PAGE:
The actors and producers were far more interesting people than the writers of the 19th century theater audience, who loved magnificently staged melodramas with lots of people on stage and spectacular scenic effects. The plays were often imported English and French audience successes or dramatized popular novels, e.g. Harriet Beecher Stowe’s “Uncle Tom’s Cabin, Life Among the Lowly” (1852; “Uncle Tom’s Cabin or the Negro Life of the American Slave States”). When American writers like William Dean Howells wrote original dramas, they often chose traditional forms from the father to the blank verse drama.
A certain vitality characterized the popular vaudeville theater. By the middle of the century, Minstrel shows had evolved into a traditional form of entertainment with a uniform regime pattern. A variant of these were the burlesques (burley cues), which mainly offered dialect and slapstick comics, travesties on popular theater plays or current events, lightly dressed ballet girls and song and dance numbers.
The 1900’s and 2000’s
When the Little Theater movement reached the United States in the 1910’s, conditions were created for a decisive break with the commercial theater conventions. Among the role models were André Antoine’s Parisian experimental scene Théâtre Libre (1887–94) and Strindberg’s naturalistic drama. Around the US, small groups of theater-loving amateurs and professionals were formed who wanted to try a new kind of drama on stage – the shorter and easier plays the better. One such group, The Provincetown Players, was formed in 1915 by a summer colony of theater people, artists and writers in Massachusetts. The following summer, young Eugene O’Neill joined the group and soon became one of its leaders. O’Neill was the son of a well-known actor of the old school and had learned theater skills from the ground up. All the plays he wrote until 1925 were performed by The Provincetown Players at their theater in Greenwich Village, New York. Other writing members of the group were Edna Ferber and Edna St. Vincent Millay. O’Neill’s work illustrates the main trends in the new drama. Particularly striking is the combination of a deliberately colorless realistic prose and a boldly innovative expressionist technique. O’Neill gained great influence in the American theater, which he dominated until the late 1940’s.
During the 1920’s, the playwright Maxwell Anderson emerged as a significant competitor to O’Neill. Other dramas during the interwar period include the experimentalist Elmer Rice and the politically radical Clifford Odets, who in dramas such as “Waiting for Lefty” (1935) and “Golden Boy” (1937) aroused opinion with their anti-capitalist themes.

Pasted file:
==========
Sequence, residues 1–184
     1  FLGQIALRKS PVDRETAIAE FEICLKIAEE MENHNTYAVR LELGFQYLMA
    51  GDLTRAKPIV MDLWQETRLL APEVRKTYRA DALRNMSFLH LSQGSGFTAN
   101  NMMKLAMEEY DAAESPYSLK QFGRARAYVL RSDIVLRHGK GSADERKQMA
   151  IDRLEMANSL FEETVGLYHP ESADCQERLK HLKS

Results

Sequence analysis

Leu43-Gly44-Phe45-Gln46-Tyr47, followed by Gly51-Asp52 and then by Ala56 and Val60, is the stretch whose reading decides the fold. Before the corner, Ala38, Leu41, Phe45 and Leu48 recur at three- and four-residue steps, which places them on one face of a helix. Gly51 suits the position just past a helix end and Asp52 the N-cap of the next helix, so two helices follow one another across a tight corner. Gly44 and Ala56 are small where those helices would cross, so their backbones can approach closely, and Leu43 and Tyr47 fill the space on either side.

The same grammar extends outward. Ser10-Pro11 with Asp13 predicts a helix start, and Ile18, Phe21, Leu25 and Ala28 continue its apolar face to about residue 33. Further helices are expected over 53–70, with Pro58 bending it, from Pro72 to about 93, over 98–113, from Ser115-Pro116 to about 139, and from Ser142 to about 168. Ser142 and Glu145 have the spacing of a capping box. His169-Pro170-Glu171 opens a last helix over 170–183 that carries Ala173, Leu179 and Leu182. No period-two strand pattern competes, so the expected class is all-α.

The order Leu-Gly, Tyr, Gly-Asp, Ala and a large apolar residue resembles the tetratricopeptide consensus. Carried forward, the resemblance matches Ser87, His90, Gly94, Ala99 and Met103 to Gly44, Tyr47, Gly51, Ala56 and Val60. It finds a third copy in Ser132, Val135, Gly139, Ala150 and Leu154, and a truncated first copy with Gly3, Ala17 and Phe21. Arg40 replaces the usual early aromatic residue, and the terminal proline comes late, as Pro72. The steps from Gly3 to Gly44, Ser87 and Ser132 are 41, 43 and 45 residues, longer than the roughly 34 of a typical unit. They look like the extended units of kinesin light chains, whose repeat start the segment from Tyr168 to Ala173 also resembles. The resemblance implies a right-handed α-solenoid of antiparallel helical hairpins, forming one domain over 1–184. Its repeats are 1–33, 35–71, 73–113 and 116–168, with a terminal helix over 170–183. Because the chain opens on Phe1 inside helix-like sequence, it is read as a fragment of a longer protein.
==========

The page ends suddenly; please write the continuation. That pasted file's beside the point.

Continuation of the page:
New York became the home of the new drama from the beginning, and the theater street is called Broadway. There, postwar great playwright Tennessee Williams and Arthur Miller celebrated their greatest triumphs, the latter most notably with “Death of a Salesman” (1949; “The Death of a Traveler”). However, the stiff economic climate on Broadway, with increasingly costly sets as the main means of competition, soon tended to make producers reluctant to invest in untested theater forms. Safe cards were comedies of e.g. Neil Simon (from the 1960’s) and musicals by Stephen Sondheim (1970’s and 80’s). The experimental theater had to seek other scenes alongside Broadway: off-Broadway. Edward Albee debuted off-Broadway in the late 1950’s, and his most naturalistic play, “Who’s Afraid of Virginia Woolf?” (“Who’s Afraid of Virginia Woolf?”) Also became his first Broadway success in 1962. Off-Broadway gained more attention with experimental plays such as Jack Gelber’s “The Connection” (1960), a brutally realistic study of a group of drug addicts. Often, successful off-Broadway productions were moved to Broadway. This applies, for example. David Rabe’s “Sticks and Bones” (1971), which is about a Vietnam veteran, and Douglas Turner Ward’s “The River Niger” (1973), which depicts the downfall of a black family. Female playwrights like Wendy Wasserstein, Marsha Norman and Beth Henley have also been able to assert themselves off-Broadway. In the 1980’s, off-Broadway’s role as a nursery for Broadway in association with a generally more conservative political and economic atmosphere gave rise to an off-Broadway for the avant-garde theater.
The vitality of the American theater avant-garde, represented in the 1950’s and 1960’s by the happening movement and the environmental theater led by Richard Schechner, may have diminished over the years. Pioneer Age groups, such as Living Theater and Bread and Puppet Theater, are seeking their counterparts today. In return, the Community Theater movement and the often locally funded regional theater defend its position; a leading group is the Steppenwolf Theater in Chicago. On Broadway, they often dominate spectacular musicals. If David Mamet was one of the 1970’s and Tony Kushner one of the 1980’s leading dramatists, Tracy Letts can be said in recent years to defend an American tradition of O’Neill and Tennessee Williams. Among younger female playwrights is Naomi Wallace.
Ever since the performance of a play in 1598 near present-day El Paso, there has been a lively, folk-based theater tradition in areas of Hispanic population, of ambulatory type and on a large number of fixed scenes, especially in California and Texas. During the 19th and 20th centuries, this theater played an important role in preserving and strengthening one’s own cultural identity in one of Anglo-American dominated societies. The modern chicano theater, including the internationally renowned Teatro Campesino founded by Luis Valdez in 1965 with a strong connection to trade union movement and social struggle, has developed and renewed this tradition.
African American theater
A self-conscious African-American theater began in the 20th century; an early proponent of his own dramatic culture was William DuBois. The first success on Broadway was Langston Hughes’s “Mulatto” (1934). The civil rights movement of the 1960’s increased the interest in its own, politically conscious theater and the Apollo Theater in Harlem became a center. From that time a playwright like LeRoi Jones can be mentioned.